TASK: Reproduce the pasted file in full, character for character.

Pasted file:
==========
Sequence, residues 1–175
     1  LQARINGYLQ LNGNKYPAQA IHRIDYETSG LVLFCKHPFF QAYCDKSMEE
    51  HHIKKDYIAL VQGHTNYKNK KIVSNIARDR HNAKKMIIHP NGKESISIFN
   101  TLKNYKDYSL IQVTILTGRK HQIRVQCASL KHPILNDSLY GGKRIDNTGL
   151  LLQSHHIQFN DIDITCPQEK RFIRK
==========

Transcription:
Sequence, residues 1–175
     1  LQARINGYLQ LNGNKYPAQA IHRIDYETSG LVLFCKHPFF QAYCDKSMEE
    51  HHIKKDYIAL VQGHTNYKNK KIVSNIARDR HNAKKMIIHP NGKESISIFN
   101  TLKNYKDYSL IQVTILTGRK HQIRVQCASL KHPILNDSLY GGKRIDNTGL
   151  LLQSHHIQFN DIDITCPQEK RFIRK